I got into bed last night, full of cold and feeling sorry for myself and Jody, who had been in bed a little while, pulled me towards him and cuddled me close to him. I laid there, the length of my body against the length of his and realised that I could just lay there and cry. Not because I was sad, but because I was home.


The realisation was also that I had given myself completely to him. Despite myself. And if it did all end, then of course I would break. Of course I would. But I would anyway, so I may as well just give in, lean in and let myself be held. If I wasn’t as completely broken as I was before, it wouldn’t be because the love wasn’t greater, it would be because I knew how to survive, I’d become stronger and more complete, grown up and become whole.

I won’t paint us as perfect. We are not. Just today, we have nitpicked at each other, we have disagreed on things and I have stood in our room and screamed silently at the wall. But we have also hugged in the kitchen as I cooked lunch for the girls, we have sat on the floor and played with our children, I have said I love you as he busied himself with drawing at the table with Isla. We have rough patches, long ones sometimes and we fight and we go silent and there have been times, fortunately not many, when I have genuinely feared that we were done.


But we are stronger now. Stitched together with good and bad and everything in between. And we work at it. We carve out time for us, we don’t rely on the way we were before children, we’ve changed as they’ve grown and we acknowledge that. I love him more today than I have ever done.

I am so glad that I got that email. I’m so glad that I am here.

Fiction Friday (12)

On the train, I had allowed myself to look at Facebook, see what wedding photos were up. It was like pulling off a plaster, there was no point trying to avoid the photos for a couple of weeks only then to find a random mutual friend you’d forgotten you had commenting on one of your daughter in a bridesmaid dress. I had kept it together on the train, calmly searching and clicking, finding someone who had liked a photo and clicking through to their profile, and so I went on. Shelley had looked beautiful, young and vibrant and expensive. There had been no expense spared, that was clear, her parents had money and I wasn’t sure if that hadn’t been part of the attraction for Paul.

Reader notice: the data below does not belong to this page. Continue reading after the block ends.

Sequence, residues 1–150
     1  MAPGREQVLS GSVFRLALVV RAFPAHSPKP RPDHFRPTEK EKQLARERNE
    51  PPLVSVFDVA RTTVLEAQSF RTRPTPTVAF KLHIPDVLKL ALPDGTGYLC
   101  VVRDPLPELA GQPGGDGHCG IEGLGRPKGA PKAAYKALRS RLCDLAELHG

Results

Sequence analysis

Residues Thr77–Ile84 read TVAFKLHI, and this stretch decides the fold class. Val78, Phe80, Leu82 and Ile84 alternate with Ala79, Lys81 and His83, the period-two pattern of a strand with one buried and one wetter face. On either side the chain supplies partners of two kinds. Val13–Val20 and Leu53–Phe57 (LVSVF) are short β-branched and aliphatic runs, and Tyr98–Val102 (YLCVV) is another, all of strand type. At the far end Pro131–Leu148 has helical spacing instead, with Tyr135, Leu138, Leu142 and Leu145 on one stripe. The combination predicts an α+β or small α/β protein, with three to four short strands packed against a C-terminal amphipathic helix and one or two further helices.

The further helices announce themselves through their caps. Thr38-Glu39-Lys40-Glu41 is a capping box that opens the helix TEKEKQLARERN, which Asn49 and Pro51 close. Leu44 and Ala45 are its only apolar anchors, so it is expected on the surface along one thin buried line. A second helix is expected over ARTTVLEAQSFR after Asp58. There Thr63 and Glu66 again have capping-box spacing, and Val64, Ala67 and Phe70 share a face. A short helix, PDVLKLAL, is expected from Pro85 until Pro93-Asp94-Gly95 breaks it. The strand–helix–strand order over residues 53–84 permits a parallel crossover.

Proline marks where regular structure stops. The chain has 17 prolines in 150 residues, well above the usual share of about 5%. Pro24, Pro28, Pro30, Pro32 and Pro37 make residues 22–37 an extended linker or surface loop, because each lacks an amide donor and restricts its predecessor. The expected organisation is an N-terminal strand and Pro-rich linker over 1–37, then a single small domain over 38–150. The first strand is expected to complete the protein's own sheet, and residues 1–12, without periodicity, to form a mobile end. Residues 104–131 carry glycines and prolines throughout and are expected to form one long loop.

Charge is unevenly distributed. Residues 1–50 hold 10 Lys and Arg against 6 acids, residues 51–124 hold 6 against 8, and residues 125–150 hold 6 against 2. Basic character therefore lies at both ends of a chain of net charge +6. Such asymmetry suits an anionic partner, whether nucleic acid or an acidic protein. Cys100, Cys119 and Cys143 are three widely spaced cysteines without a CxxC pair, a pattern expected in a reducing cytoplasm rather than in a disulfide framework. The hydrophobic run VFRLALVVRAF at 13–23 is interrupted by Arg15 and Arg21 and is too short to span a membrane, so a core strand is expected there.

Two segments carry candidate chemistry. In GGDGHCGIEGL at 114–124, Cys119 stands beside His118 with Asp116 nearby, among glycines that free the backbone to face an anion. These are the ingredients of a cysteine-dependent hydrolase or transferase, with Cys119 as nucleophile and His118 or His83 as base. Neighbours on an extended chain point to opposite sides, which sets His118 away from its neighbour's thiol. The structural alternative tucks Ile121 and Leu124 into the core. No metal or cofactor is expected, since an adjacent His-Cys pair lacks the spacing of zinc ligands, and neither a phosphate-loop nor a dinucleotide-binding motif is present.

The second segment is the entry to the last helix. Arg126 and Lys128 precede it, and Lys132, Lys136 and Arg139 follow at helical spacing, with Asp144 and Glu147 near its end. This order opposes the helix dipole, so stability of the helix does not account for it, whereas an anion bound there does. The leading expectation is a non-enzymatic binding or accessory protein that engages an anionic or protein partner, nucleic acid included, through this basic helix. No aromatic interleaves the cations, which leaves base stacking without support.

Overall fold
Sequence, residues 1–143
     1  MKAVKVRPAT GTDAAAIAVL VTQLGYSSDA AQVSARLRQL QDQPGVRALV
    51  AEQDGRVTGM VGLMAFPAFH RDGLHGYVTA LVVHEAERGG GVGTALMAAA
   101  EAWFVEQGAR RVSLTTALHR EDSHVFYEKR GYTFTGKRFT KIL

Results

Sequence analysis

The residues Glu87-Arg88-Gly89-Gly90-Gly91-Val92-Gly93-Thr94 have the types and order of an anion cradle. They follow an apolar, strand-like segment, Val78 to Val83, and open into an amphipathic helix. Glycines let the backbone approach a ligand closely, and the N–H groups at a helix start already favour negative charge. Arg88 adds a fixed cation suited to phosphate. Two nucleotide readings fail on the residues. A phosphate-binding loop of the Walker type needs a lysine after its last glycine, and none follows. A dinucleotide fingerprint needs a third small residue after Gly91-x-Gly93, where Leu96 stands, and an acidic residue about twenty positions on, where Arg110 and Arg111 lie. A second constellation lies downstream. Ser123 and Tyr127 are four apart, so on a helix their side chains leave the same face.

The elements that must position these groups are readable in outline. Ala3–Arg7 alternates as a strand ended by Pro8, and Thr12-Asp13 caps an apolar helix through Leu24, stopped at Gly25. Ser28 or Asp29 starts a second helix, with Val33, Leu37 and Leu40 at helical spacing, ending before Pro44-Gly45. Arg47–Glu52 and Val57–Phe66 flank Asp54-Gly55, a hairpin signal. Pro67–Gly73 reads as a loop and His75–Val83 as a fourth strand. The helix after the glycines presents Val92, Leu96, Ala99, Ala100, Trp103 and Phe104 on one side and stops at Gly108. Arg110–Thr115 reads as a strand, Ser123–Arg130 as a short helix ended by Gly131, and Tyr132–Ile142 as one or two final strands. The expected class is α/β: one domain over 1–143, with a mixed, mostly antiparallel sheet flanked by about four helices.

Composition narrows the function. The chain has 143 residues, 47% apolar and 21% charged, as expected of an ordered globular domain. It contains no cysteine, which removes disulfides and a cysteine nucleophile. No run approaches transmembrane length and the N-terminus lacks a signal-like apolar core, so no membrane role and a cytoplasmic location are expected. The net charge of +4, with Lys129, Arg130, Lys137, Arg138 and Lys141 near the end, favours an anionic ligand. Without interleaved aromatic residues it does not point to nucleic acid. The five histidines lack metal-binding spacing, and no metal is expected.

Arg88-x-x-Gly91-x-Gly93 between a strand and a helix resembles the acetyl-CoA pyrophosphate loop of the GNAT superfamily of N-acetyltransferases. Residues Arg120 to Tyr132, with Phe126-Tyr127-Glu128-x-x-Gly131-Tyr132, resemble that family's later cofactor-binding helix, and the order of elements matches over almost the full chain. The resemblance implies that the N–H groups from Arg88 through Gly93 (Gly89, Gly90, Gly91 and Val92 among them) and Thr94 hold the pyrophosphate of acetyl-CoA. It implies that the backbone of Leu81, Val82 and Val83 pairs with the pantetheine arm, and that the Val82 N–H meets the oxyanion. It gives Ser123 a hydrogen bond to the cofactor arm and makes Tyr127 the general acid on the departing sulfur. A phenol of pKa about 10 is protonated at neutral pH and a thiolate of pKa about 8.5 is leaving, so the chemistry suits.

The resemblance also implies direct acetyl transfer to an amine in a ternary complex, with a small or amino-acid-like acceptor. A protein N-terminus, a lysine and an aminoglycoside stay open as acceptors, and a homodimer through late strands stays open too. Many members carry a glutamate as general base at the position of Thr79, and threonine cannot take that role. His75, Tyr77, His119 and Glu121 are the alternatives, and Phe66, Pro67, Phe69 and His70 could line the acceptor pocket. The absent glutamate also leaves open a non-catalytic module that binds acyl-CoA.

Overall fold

At home, I had made myself eat something, and gone to bed. I had cried that night like I had never cried before. A night for reaching the very bottom. It was the closest I’ve ever come to thinking about not being there at all. I don’t like to use the word and I wasn’t anywhere close to doing that but it had crossed my mind that night and stayed there. Or disappearing. Packing a bag and starting a new life somewhere. Allowing Ellie a family. A proper one with a Daddy and a Mummy.

That was the crux of my heartache. My failure to give my daughter a family. My inability to keep her family together. I had cried for me and then for her. Imagined, acted out in my head, the conversation that I would have with Paul, the sudden realisation that Ellie should live with them.

I had slept. I could not remember falling asleep but I had been woken by my phone. I had reached for it on my bedside table, noting the red battery icon at the top of the screen.


For a moment, for a fleeting, heart soaring second, I had imagined that he was saying that he had made a mistake. That standing at the altar with Shelley had made him realise that it was me he loved and our family could be pieced back together again.

But he had sounded happy. Gloriously, deliriously happy. The reason he was ringing, he had told me, was that Ellie was missing me and did I want her back early, did I want him to bring her back now?

Yes, I had said, yes please, a thousand times yes.

And then she had been home. She had rocketed through the door, talking nineteen to the dozen, full of stories of the wedding and the funny hat Grandma had worn and Paul and I had not had to exchange more than a handful of words. For that I was grateful, and I think he was too. I had been able to see the wedding band back on his ring finger and it looked right there, comfortable and just like he had always looked. I had looked down at my own bare left hand; the only jewellery I had worn then was a band Paul had bought me on Ellie’s first birthday, her name and birthdate engraved on the underside. It was then, and is now, my most treasured piece of jewellery. My own wedding band, given back to me without words one Sunday in a small satin pouch, and engagement ring are in a box for Ellie to have when she’s older, she knows where they are and looks at them sometimes but honestly she can’t remember, or even fathom, Paul and me together.

That day, though, that cold day in December, the day before Paul’s second honeymoon with his second wife, had been significant because it was the day after the worst day of my life. It was the day that Ellie had come home, my pocket rocket and she had made me laugh. I had to eat chicken, Mummy, she had said, a grimace on her face, and the chocolate was brown and yucky. I had laughed and caught Paul’s eye over her head and he had laughed.

We weren’t a family. We wouldn’t be again but maybe, we could be something new. And Ellie was mine. She was my everything and she would stay with me.

It’s been that way ever since.